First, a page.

According to the World Health Organization, the dose of vaccine delivered from Africa to the continent has increased, but only a quarter of health workers have been fully vaccinated against COVID-19
There is a severe shortage of health workers in Africa, and only one country in the region has the recommended number of health workers to provide basic health services.
WHO Regional Director Moeti said that many African health workers, including those working in rural communities, are still “worried about vaccine safety and adverse side effects.”
In Nigeria, the most populous country in Africa, only 300,000 (18%) of its 1.6 million health workers have been fully vaccinated.
The WHO said that a recent study also found that only 40% of health workers plan to be vaccinated, while less than 50% want to be vaccinated in Ethiopia.
The president of the National Association of Nurses and Midwives of Nigeria stated that in order to increase the vaccination rate of Nigerian health workers, nurses and midwives need to be more involved in the vaccination process. Michael Nnachi said that with this and through health education, “many people will be persuaded” to get vaccinated. “When nurses are directly involved, we can achieve more.”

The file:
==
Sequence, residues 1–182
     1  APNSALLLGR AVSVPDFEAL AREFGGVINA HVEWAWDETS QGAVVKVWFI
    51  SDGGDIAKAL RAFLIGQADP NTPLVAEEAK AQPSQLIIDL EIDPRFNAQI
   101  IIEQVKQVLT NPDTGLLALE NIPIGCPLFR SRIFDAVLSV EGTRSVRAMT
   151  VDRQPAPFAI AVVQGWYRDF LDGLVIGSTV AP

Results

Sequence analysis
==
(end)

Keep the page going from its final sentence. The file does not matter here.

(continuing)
Moeti said that only about 7% of the African population has been fully vaccinated, mainly due to delays in vaccine supply and vaccine hesitation. But a few months after obtaining the required supplies, Africa is now seeing “accelerated vaccine supply.”
As more and more vaccines arrive on the African continent, more and more countries are introducing mandatory measures—usually targeting government workers and public places—to increase vaccination rates.
“It’s best to balance persuasion, information sharing, expanding delivery capabilities, strengthening campaigns, and using additional tools to further motivate people to get vaccinated because they need to get the services they need,” Morty said.